After the adsorption of Cd2+ and Pb2+ ions, the two hydroxyapatites were dried at 80 °C overnight and their chemical compositions were determined by EDX (see data in Figure 3). The Ca/P molar ratio of HAP (1.657) was close to the stoichiometric data of 1.67 (Khoo et al. 2015; Jing et al. 2018). This result seems to be higher than that of C-HAP. The quantitative elemental analysis given by EDX present in the Sy-HAP and C-HAP samples are C, O, P, Ca, Mg and Na. The presence of oxygen (O), calcium (Ca) and phosphorus (P) in a substantial amount are the main compounds for the crystalline structure of Hydroxyapatite. The characterization of materials after adsorption by EDX confirms the retention of lead and cadmium ions (see Figure 3).

Figure 3

EDX analysis of hydroxyapatites before and after metal ions adsorption.

Figure 3

EDX analysis of hydroxyapatites before and after metal ions adsorption.

Adsorption kinetics behavior

Figure 4 shows the effects of contact time (from 5 min to 120 min) on Sy-HAP and C-HAP for an initial concentrations of the Pb2+ and Cd2+ ions of 16.5 ppm and 15.4 ppm at ambient temperature respectively. It can be observed that the adsorption of cadmium and lead ions increased rapidly with the contact time at the initial stage and reached equilibrium in 15 min for both ions. The removal efficiency of Pb2+ is about 86.53% and Cd2+ is c.a 81.43% for C-HAP. However; an increase in the removal efficiency was noticed for Sy-HAP; where Pb2+and Cd2+ ions were removed up to 95.52% and 90.91%, respectively. The maximum adsorbed amounts of lead and cadmium ions onto Sy-HAP are 152.6 mg/g and 139.5 mg/g respectively and whereas, the maximum adsorbed amounts of C-HAP are 146.77 mg/g for Pb2+ ions and 131.5 mg/g for Cd2+ ions. The trend of the heavy metals removal by Hydroxyapatites therefore follows the order: Pb2+ (Sy-HAP) > Cd2+ (Sy-HAP) > Pb2+ (C-HAP)> Cd2+ (C-HAP). The synthetic hydroxyapatite (Sy-HAP) shows higher heavy metals removal efficiency and the adsorption capacity to be in agreement with its higher BET surface area. Jing et al. (2018) prepared super-small HA nanoparticles with an average diameter of 7 nm in the presence of glucose as an adsorbent to remove heavy metal ions from wastewater. The maximum adsorption capacities of HA nanoparticles compared to commercial HA to the metal ions are 3,289 mg/g (to Pb2+) and 2,784.8 mg/g (to Cd2+). Jiang et al. (2012) used HA hollow microspheres to remove Pb2+ and Cd2+ mixed ions from water and found that when the initial concentration of the mixed metal ions was 50 μg/mL, the adsorption capacity of Pb2+ and Cd2+ ions could reach to 99.79 mg/g and 38.78 mg/g, respectively.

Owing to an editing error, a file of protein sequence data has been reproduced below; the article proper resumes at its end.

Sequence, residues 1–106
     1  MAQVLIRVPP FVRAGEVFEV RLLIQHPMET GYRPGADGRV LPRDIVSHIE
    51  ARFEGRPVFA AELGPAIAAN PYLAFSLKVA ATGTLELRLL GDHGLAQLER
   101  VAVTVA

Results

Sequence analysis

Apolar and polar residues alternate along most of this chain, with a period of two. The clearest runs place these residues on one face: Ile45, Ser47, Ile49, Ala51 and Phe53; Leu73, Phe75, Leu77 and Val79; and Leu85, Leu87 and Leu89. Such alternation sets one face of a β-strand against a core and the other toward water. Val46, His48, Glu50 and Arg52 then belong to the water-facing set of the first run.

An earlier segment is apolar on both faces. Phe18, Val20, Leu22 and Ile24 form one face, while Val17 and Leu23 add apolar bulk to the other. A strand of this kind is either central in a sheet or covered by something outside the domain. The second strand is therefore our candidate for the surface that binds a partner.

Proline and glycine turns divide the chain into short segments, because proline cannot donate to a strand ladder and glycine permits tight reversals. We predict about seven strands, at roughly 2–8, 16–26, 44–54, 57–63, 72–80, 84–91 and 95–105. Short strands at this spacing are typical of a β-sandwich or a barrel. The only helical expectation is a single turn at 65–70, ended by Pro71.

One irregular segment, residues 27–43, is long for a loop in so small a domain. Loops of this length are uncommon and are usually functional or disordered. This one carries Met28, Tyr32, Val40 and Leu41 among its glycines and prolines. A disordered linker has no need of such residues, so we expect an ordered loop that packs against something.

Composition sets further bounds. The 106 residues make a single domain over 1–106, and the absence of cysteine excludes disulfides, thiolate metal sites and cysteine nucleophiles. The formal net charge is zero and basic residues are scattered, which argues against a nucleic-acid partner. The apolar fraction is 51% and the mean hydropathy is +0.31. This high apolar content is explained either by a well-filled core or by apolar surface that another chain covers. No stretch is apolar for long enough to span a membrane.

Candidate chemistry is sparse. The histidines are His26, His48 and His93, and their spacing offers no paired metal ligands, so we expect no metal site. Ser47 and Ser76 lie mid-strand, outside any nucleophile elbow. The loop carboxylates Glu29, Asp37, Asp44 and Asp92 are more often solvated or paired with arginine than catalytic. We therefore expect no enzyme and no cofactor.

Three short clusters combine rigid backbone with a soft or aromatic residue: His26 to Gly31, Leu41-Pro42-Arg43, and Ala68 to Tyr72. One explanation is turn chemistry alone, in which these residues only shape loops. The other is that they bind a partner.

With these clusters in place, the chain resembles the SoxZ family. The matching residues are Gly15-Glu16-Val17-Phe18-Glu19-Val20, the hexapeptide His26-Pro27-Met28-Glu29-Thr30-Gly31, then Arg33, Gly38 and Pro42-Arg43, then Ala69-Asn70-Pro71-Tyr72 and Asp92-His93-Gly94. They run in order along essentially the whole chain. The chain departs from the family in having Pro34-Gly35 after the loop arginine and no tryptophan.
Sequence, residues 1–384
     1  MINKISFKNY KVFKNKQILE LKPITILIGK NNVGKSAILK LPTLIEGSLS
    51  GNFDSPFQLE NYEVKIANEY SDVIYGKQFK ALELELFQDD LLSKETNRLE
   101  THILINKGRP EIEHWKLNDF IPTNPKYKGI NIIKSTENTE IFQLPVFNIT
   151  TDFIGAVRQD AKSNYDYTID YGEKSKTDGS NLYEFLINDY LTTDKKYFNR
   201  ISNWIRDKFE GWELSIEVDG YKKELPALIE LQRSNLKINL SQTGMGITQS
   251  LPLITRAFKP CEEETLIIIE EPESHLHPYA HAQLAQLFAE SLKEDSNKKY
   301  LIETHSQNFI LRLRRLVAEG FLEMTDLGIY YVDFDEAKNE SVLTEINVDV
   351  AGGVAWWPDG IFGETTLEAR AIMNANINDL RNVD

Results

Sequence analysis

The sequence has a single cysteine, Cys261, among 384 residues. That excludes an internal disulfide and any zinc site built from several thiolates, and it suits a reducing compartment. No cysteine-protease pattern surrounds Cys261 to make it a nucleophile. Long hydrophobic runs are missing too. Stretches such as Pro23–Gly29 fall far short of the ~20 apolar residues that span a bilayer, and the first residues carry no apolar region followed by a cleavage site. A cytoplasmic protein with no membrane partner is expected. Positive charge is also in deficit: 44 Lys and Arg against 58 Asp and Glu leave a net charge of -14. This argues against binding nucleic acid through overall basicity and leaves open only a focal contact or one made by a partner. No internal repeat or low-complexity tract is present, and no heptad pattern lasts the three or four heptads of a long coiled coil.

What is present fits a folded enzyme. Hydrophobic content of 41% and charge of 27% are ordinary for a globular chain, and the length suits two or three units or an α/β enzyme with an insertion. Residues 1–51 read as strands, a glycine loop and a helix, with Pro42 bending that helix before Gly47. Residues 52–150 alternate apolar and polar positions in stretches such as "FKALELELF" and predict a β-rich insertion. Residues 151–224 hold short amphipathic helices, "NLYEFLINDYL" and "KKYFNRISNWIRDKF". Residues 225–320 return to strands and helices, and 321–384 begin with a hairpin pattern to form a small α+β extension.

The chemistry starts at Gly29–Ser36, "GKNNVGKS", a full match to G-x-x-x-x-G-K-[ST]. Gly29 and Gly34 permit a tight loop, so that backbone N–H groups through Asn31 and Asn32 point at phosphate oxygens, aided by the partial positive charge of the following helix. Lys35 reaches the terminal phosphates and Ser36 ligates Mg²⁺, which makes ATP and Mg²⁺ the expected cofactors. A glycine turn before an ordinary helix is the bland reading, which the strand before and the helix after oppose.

Figure 4

Effect of contact time.

Figure 4

Effect of contact time.

Based on the obtained results, the adsorption capacity of Pb2+ ion was quite higher than that of cadmium ions. This difference can be attributed to the ionic properties such as ion radius, charge, ionic potential, enthalpy of hydration, electronegativity, and the electron configuration of each metal ion. It is known that, the surface complexation reaction is more influenced by the electrostatic attraction between the surface charge of hydroxyapatite and the dissolved ions (Sönmezay et al. 2012; Mousa et al. 2016). The electronegativity of Pb2+ ion (2.33) is slightly higher than that of Cd2+ ion (1.69), which leads to the PbII ion to interact more strongly electrostatically with the surface groups present on the surface of the adsorbent. On the other hand, the tendency to lose water molecules from the aquo-cations is stronger for PbII ion since the single ion hydration enthalpy is −1,481 kJ/mol for PbII ion and −1,807 kJ/mol for CdII ion. This also facilitates the interaction between the PbII ion and the adsorbent surface (Sönmezay et al. 2012).